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The Old Man with the Bright Blue Eyes and A Greek Chorus 


                                    Ode to Our Akbash*

        Oh, Akbash dog, we sing your praises; we have seen the unthinkable, the unimaginable, the impossible performed by you.  Since you were a puppy, we have observed your antics as you destroyed/altered/renovated our home.  You have chewed/relocated/eaten bricks, metal, hammers, garden hoses, huge stones, plants and their decorative pots, the corners of every wall in the house, a whole couch, chairs, refrigerator magnets, and solar lights.  Especially solar lights. 

        As a sidenote - stars, the moon, and passing aircraft – seem to count in this category.  I have seen you bark, then howl, at the moon.  Probably out of sheer frustration because you couldn’t get to it and destroy it.

        You grew an inch a day, and so began to jump, then climb.  You learned to use the mysterious declaws, positioned halfway up your front legs and thought by us (and why wouldn’t we?) to be some type of aberration.  Maybe, but aberration just waiting for its maturity because these “dew claws” serve an important purpose.  Powerful and fortified with steel tendons, they enable you to go where most dogs are not wired to go.  This is either an evolutionary error, or else a harbinger of things to come.  The wildlife are as surprised as we are.  The squirrels think they are safe, then glance back with horrified, pinched squirrel countenances when they see what is coming up after them.  The deer do double takes and flee. 

        We have seen you test fences by leaping up and banging on them repeatedly, shaking six feet of cyclone fence to its core.  Then one day I saw you back up and gaze over and past the fence, and with horrified fascination, I realized where I had seen this behavior before.  A horse will deduce the power of its jump to clear an obstacle by setting its gaze directly across said obstacle.  If this is possible without raising its head disproportionately, the jump is likely to be successful.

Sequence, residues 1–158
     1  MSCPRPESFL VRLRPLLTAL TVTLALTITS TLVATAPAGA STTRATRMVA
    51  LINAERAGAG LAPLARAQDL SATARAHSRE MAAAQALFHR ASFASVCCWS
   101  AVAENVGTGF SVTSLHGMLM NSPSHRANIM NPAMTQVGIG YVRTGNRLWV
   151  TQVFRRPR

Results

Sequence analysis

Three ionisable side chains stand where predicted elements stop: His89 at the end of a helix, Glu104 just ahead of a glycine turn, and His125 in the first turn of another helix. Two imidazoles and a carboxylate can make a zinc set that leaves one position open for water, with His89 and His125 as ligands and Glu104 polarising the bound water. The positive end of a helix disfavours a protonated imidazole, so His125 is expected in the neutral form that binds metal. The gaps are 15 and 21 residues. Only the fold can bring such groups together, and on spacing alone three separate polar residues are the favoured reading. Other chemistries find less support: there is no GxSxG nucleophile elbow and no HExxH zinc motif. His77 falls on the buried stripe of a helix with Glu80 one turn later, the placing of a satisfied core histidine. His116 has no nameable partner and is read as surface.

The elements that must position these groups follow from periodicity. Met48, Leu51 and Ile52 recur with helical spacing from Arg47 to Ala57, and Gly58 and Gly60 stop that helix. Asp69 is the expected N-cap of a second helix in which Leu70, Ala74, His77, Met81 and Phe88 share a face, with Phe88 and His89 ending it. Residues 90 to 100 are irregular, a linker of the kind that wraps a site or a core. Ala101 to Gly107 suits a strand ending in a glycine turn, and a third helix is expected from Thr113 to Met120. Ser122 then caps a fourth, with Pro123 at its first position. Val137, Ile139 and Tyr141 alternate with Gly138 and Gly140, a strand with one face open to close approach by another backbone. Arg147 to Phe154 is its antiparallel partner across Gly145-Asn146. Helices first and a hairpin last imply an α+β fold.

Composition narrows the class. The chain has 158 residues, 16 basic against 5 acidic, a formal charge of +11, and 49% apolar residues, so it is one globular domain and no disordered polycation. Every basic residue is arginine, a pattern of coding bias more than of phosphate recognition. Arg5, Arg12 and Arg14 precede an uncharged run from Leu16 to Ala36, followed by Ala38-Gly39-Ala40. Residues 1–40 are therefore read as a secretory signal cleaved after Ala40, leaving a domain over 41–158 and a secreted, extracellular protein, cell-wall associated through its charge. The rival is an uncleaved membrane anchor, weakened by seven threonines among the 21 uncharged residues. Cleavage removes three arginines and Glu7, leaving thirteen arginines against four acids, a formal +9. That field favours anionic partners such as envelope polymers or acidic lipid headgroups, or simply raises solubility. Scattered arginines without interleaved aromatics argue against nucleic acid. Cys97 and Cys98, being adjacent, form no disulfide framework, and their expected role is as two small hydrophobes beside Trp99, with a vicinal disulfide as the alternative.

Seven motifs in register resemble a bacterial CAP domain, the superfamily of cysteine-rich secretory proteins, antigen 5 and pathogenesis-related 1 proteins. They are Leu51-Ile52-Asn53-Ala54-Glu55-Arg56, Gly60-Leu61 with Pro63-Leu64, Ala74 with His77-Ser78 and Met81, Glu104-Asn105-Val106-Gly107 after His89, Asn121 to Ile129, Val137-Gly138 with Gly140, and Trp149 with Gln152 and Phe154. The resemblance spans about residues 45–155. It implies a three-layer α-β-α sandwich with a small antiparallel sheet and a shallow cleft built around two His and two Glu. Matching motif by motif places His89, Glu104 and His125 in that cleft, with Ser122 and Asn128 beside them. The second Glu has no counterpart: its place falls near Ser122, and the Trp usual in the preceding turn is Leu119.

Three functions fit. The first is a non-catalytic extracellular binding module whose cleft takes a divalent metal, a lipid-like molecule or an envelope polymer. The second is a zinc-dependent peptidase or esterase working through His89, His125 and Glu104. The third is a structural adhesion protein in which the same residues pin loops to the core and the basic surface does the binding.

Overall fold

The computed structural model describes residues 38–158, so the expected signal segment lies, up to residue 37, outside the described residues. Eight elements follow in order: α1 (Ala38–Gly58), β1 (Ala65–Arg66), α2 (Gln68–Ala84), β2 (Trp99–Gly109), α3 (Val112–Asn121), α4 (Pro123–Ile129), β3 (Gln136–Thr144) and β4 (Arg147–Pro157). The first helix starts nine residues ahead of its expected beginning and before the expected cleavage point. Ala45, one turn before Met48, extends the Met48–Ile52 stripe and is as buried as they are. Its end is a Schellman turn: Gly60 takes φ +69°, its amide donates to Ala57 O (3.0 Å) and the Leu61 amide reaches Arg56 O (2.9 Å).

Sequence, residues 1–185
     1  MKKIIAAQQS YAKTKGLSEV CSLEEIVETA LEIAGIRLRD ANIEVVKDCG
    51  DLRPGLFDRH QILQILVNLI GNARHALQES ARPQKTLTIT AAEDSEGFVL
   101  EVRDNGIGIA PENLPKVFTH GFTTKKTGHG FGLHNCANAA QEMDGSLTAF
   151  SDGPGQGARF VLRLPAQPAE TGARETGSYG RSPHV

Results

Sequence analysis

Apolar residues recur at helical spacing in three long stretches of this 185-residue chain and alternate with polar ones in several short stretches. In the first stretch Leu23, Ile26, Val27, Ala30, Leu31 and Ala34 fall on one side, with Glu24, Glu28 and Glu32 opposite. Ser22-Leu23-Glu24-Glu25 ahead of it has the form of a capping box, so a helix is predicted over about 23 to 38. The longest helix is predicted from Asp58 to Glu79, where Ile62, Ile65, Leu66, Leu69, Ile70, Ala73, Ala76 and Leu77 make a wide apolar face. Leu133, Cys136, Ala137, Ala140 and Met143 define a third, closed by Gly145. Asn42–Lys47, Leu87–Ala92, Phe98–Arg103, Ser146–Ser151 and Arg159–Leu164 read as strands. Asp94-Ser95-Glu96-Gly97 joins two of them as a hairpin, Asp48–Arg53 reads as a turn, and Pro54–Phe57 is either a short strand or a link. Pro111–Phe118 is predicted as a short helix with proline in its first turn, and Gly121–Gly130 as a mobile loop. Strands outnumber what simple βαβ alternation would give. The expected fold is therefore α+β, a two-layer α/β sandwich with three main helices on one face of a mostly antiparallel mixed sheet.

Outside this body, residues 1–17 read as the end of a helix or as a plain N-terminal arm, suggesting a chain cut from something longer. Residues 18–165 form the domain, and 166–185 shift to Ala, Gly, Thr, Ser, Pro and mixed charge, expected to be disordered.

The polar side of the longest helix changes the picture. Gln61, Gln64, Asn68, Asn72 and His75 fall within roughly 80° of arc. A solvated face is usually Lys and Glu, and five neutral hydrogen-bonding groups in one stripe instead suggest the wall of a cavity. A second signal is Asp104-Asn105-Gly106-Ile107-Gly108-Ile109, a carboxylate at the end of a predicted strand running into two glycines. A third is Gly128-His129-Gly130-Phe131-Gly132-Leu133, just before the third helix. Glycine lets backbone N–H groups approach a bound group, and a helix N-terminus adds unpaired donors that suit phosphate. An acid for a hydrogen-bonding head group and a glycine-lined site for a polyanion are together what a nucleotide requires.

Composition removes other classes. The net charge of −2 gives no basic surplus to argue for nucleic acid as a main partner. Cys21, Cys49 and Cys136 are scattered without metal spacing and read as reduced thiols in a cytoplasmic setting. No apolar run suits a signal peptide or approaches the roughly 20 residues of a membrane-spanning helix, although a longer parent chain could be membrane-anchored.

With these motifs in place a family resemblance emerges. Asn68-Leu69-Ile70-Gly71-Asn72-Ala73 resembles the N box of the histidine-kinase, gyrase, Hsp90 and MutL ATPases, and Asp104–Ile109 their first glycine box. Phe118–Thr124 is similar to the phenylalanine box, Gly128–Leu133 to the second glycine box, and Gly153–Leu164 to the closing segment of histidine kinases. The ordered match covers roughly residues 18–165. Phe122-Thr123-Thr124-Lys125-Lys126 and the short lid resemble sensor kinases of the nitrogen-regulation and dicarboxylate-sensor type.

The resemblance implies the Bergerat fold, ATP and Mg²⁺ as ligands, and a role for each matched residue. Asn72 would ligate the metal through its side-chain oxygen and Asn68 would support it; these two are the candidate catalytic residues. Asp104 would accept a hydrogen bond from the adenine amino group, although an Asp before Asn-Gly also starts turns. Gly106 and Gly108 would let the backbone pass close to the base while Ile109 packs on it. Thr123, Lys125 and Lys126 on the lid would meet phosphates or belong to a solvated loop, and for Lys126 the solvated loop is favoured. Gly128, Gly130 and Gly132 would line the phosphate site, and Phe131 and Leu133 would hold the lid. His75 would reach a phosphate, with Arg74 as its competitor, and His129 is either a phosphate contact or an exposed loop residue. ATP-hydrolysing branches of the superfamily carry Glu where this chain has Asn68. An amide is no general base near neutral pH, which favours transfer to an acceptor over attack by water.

The next week, the hotwired fence made its appearance. 

        Most dogs dig holes – you dig burial pits.  A hole dug by a dog should not be three feet deep and four across.  Obviously, you have an agenda in which there will be inhabitants of these pits; we are just not privy to their identities yet.

        I have seen you count the fish in the pond and debate the odds of catching and eating one.  I count them, too, and at my last calculation, there were 15.  I do not expect to see any fewer tomorrow. 

        And yes, we have an inground pool.  For us.  Not for you and your friends.

        I know that for a long time, you thought your name was “No biting, no biting” or “No no bad dog” or several colorful and lengthy epithets.

        Every day, you try to herd the Chihuahua, knowing that this provokes him to hysteria. You seem mildly amused by this.  Sometimes you like to stare at him, just stare, until he froths at the mouth in rage.

        If you whine, this manifests as a whistle, an unearthly, soul-shivering sound.  Your bark is enough to challenge Cerberus.  You never barked until you were watching a movie and a man was barking.  The next day, you began and seemed to glory in the swelling cacophony.  Anything of particular interest to you evokes a bark ending in a spectacular howl. When we first heard this, another round of epithets spewed forward as we looked around, expecting to see something inescapable and frightening bearing down on us.  Well, there kind of was – a dog that grows an inch a day.

        It seems to be important to you that you stand on the highest vantage point possible.  We’re thinking of buying you a treehouse; we would let you inhabit the roof of our own house but then we would have no roof left.  After only two days, probably.  You should have your own demolition company – “Akbash Demolition No Stone Left Untouched.”

        I marked your growth progress on the wall of our enclosed porch.  When the marks started to become closer together, you began a regal atonement.  The biting and the manic chewing stopped, and wonder of wonders – you began to come to us when we called you (without the prerequisite treat, I might add).

        No more jumping up on us (and a good thing, because you would be my height if you were to do so).  You are also my weight now – 130 lbs.  You are a perpetually happy creature.  I sometimes feel like it was the invasion of the dog body snatchers.  Someone took the “no, no, bad dog” away and left this wonderful, gorgeous (with your wavy, Farrah Fawcett hair), loving animal.

        One thing remains though –  occasionally, you still have ways of reminding us that you are, after all, an Akbash, and you have agreed to a partnership. 

        The adventures (misadventures) were totally worth it!

*This breed has only been in the United States since the 1970s. They are Turkish dogs, bred for guarding livestock, and they are very independent because they are used to making their own decisions.

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